Any and all of these may be true. But, when each case is scrutinized individually, the evidence usually points to one of three problems: the pharma brand managers and their teams did not anticipate their own overconfidence or the moves of their competitors, they did not adapt their strategies to new market conditions as they arose, or they did not align their strategy and implementation plans across functions and geographies.
Anticipate, Adapt and Align – the three A’s of successful launch strategy. To understand and implement them require more than sending out an email meeting request and marking off a block of squares on a Gantt chart. It takes strategic vision, a holistic understanding of every vagary of the marketplace, and a forthright and ruthlessly honest assessment of both the product being launched and the competitive space it is meant to occupy.
DISRUPTION HAS HIT PHARMA
Strategic intelligence for a fiercely competitive marketplace
Jonas Pedersèn, CEO
In the pharmaceutical industry, change has long been known as the only constant. But the last few years have seen the industry challenged and reshaped by drastic internal disruption and external paradigm shifts. The increasing adoption of health economics and outcomes research (HEOR) into payer decision-making means that efficacy and safety alone are no longer enough to launch even the most straightforward small-molecule drug directly to profit. The rise of biologicals, biomarker-targeted drugs, gene-specific medications, and immune checkpoint inhibitors have provided breakthrough therapies potentially benefitting millions.
At the same time, insurance to cover these drugs is chaotic in some countries, rigidly stratified by government fiat in some, and nonexistent in others.
This paper looks at key changes in the pharma landscape through the lens of strategic intelligence, and considers how this powerful tool can help pharma stakeholders grasp the full picture of the competitive environment they intend to enter.
ASIAN PRICING AND REIMBURSEMENT
How to compete and succeed in a rapidly changing market
Ju Hyoung Lim, MSc, Ph.D.
Growing major trends are emerging across Asian healthcare markets. Rising incomes, increased government healthcare expenditure, higher life expectancies and a surge of chronic illnesses are boosting the demand for pharmaceutical products and services in the region. This sea of change is also being driven by multiple factors including government healthcare reforms, increasing Universal Health Coverage (UHC), the rise of private financing and heavy promotion of the generic market.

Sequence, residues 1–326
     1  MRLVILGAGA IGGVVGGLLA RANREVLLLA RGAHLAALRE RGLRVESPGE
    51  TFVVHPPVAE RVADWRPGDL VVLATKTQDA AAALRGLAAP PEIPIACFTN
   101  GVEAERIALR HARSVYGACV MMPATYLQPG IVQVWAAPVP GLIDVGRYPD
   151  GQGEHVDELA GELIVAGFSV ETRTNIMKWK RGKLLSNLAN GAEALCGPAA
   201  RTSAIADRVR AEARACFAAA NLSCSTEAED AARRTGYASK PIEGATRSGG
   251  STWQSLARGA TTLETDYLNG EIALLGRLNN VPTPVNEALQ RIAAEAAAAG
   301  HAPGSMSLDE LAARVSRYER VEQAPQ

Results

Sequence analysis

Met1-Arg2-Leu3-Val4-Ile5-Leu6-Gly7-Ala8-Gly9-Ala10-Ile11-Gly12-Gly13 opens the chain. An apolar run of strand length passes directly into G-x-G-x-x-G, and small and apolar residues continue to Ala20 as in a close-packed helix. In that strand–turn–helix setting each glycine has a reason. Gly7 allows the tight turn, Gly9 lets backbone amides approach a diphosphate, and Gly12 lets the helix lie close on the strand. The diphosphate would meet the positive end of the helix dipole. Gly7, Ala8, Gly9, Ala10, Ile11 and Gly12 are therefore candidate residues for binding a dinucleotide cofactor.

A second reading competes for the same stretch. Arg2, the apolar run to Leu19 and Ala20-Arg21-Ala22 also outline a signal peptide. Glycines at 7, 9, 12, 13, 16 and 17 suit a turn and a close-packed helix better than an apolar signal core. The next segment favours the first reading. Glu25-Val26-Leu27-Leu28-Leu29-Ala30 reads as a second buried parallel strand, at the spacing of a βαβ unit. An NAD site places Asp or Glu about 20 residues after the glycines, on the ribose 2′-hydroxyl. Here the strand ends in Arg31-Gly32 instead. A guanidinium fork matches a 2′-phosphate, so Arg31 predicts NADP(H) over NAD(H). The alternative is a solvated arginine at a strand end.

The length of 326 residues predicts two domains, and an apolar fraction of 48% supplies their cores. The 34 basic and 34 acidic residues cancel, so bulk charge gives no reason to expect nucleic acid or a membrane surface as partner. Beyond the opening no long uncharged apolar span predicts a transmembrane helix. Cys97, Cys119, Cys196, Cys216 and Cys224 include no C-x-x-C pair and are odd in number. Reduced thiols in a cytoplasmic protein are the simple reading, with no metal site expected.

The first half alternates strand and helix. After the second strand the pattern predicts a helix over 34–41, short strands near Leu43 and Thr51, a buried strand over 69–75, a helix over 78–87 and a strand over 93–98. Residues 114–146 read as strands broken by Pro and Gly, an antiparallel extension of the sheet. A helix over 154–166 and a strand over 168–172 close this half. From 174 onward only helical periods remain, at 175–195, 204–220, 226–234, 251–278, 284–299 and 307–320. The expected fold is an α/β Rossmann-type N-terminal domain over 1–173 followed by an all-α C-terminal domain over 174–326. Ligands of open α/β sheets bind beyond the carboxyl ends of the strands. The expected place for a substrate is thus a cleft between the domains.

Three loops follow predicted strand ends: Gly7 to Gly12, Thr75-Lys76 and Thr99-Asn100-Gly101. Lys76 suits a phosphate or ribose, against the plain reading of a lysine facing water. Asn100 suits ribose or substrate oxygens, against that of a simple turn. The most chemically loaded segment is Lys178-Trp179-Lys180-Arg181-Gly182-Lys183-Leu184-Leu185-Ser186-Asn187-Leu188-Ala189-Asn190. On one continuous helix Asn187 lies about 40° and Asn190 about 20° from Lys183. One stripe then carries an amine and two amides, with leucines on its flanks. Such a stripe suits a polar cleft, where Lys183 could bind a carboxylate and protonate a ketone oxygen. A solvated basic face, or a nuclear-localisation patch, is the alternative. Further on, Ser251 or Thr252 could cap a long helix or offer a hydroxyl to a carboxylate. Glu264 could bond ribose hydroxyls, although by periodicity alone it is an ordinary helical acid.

This offers a significant opportunity both for established pharmaceutical companies in the region who wish to continue to thrive and for those considering entering the Asian market. However, it also presents a unique set of regional challenges and commercial success will be dependent on understanding the complexities of the Asian pricing and reimbursement environment.
We take a look at the emerging trends across Asian healthcare systems and the implications for the industry.
ASIA MARKET ENTRY
Opportunities & Challenges
Anousha Kamvari, Ph.D.
A continent of extremes, with great potential for growth. Asia is a continent of diversity. Geographically large, the assortment of cultures, people, disease profiles, and healthcare systems added to the juxtaposition of extreme wealth and extreme poverty, emphasises the many challenges faced by the pharmaceutical companies when thinking of entering Asia. Countries such as Russia, India and China have traditionally been considered the key players in emerging markets. However, vigorous economic growth, government healthcare reforms, population growth, increasing per capita income and changing disease profiles have led to a greater demand for healthcare and pharmaceuticals across other markets in the continent – nowhere more so than the 10 countries that comprise the Association of Southeast Asian Nations (ASEAN) – Indonesia, Malaysia, Philippines, Singapore, Thailand, Brunei, Myanmar, Cambodia, Laos, and Vietnam.
Due to their complexity, the emerging markets within Asia should be considered as ‘New Markets’ that require a bespoke business approach.